Happenings in the animal kingdom have caught my eye in case you haven’t noticed yet, especially as it involves birth control.
The latest is the plight of the two remaining white rhinos that are the only ones left in existence, at least as far as zoo keepers know. These two happen to be females and the wildlife protectors anticipated the future before the last two males died and saved some sperm from both, which they now have inseminated in the two ladies. They thus hope to repopulate the world with white rhinos.
Then we come to the stories about human medical procedures, some positive and others that are questionable.
One question comes out of some of the procedures that are presented to parents of sick children: Should parents be allowed to refuse chemo for their minor children with cancer? They are allowed to refuse measles shots, which are far less dangerous than chemo for cancer.
I’m on the fence about the rights of parents. We can’t seem to stop mothers from killing their own children. I don’t know what goes through a woman’s mind when she kills her own progeny. She keeps getting pregnant but I’m convinced it’s out of lust, not love, and the fact that she can get more government-supplied food stamps for every additional child that’s added to the family. Trade that perk for mandatory birth control and we might save a whole bunch of taxpayer money in the annual budget. It also might save the lives of a lot of mistreated children.
It’s interesting to me to see that the exploration of other planets by NASA is still alive and that sometime in the not-too-distant future all of us who have $50 million to spare will be able to vacation for a month on the moon. Or, if you’d rather just take a shorter trip circling the moon or the Earth or the like for a lesser amount of time and millions, you can also do that. Oh, to be young again and rich!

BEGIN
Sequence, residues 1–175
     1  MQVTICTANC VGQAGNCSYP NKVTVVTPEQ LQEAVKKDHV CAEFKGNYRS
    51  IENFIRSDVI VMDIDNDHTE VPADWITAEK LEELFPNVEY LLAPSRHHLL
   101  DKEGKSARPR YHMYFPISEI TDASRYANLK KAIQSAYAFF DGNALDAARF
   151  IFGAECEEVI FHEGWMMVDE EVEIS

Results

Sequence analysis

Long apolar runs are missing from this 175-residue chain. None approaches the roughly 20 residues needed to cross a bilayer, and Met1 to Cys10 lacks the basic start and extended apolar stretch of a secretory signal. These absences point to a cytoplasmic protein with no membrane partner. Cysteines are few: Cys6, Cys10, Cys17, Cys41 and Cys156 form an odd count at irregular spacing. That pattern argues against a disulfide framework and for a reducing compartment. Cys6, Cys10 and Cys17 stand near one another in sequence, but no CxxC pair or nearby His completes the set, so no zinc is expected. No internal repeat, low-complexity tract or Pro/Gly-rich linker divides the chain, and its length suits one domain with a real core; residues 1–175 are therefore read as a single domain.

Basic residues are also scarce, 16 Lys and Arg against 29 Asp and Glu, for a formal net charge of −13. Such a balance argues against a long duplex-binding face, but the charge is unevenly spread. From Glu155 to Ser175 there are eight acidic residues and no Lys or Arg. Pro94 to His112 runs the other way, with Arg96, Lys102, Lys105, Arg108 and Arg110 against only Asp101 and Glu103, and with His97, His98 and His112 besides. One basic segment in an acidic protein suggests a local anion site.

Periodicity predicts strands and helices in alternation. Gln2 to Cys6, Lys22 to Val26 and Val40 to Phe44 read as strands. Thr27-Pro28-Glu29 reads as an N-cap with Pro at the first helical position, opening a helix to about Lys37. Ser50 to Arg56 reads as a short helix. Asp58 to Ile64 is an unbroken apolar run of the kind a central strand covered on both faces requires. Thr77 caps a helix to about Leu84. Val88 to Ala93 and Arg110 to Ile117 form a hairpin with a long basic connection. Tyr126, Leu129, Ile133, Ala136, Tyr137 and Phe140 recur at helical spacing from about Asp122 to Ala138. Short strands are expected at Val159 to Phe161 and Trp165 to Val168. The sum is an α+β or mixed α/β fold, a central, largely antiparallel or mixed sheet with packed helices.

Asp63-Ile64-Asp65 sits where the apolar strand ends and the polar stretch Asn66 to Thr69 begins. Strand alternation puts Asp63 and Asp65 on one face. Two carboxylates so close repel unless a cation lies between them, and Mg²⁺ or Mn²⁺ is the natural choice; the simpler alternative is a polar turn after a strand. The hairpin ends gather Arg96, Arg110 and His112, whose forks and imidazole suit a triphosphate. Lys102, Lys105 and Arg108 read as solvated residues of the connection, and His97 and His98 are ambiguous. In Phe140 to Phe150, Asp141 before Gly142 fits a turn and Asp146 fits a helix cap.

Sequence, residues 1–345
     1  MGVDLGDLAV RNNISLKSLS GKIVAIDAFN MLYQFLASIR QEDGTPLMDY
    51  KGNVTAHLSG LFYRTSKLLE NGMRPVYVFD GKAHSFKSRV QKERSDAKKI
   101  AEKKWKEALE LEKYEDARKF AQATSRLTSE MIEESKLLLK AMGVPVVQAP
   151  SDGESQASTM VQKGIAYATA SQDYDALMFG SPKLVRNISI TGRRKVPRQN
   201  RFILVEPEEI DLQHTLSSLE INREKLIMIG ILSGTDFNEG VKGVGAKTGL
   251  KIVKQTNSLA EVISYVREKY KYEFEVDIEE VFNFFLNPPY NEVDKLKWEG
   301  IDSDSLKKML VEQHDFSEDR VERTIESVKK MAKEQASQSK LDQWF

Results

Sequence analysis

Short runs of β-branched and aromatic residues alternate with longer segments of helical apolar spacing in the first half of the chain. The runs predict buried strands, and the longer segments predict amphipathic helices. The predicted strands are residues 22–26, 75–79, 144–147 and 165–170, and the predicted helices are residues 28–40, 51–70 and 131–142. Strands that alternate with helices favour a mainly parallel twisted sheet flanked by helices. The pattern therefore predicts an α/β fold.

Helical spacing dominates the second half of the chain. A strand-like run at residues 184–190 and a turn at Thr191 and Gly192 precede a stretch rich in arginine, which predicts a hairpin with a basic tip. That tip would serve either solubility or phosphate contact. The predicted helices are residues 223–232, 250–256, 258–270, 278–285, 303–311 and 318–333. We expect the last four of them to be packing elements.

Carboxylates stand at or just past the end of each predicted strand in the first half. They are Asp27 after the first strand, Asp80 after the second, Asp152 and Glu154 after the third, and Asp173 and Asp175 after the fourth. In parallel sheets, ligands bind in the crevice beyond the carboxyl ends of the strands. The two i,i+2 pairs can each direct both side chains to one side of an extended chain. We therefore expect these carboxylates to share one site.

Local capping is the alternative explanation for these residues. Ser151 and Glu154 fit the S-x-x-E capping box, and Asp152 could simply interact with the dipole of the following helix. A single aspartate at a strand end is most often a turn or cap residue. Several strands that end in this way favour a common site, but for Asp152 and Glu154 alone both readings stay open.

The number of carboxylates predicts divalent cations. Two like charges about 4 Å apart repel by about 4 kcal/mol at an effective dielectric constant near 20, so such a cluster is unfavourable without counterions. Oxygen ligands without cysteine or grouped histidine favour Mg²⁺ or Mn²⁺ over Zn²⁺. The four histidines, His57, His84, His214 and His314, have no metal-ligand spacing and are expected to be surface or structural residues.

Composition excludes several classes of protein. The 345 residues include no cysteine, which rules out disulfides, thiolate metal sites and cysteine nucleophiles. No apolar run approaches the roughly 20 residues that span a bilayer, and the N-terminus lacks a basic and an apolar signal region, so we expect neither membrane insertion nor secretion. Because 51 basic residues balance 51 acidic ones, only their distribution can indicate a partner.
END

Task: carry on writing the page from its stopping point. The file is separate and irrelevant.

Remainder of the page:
Instead, I’ll have to be content with the fact I’m going to send my name to NASA to include in a list it’s compiling that will be carried by the next ship to Mars.
We must be suffering from a paucity of surgeons. The government is going to forgive the student loan money of students studying to be doctors. That’s a good thing.
I’m sure that can benefit researchers of the future like the one who was dedicated to saving babies who need heart transplants. We had the heart surgeon of yesterday who was successful in using pig valves in older heart patients. The one who specialized in babies transplanted the heart of a baby baboon into a dying baby.
I don’t think it was successful, but at least it was tried. I wonder if the human baby would have been a tree climber, if it had lived to talk about it.
We’ve been hearing for years about getting ready for the Big One! The last big one that I remember was the Northridge shaker that hit us back in the 1990s, but it wasn’t touted as the big one. It was, however, big enough for me. It was blamed on the San Andreas Fault. This one we just had, was centered in Ridgecrest, was 7.1. They aren’t labeling it as the BIG one yet, but we can expect more aftershocks.
Another thing I’m wondering is if state Sen Scott Wilk has pre-knowledge about such things. His parents, Jack and Lois, left here on June 26 and relocated to Tennessee. That’s suspiciously like they were leaving the rest of us to shake, rattle, and roll while they only have to face roadkill. This will probably make a lot of insurance companies a lot of money as homeowners who have survived enough to seek them out and belatedly buy earthquake insurance.
And finally: “Since light travels faster than sound, some people appear bright until you hear them speak.” Ain’t it the truth?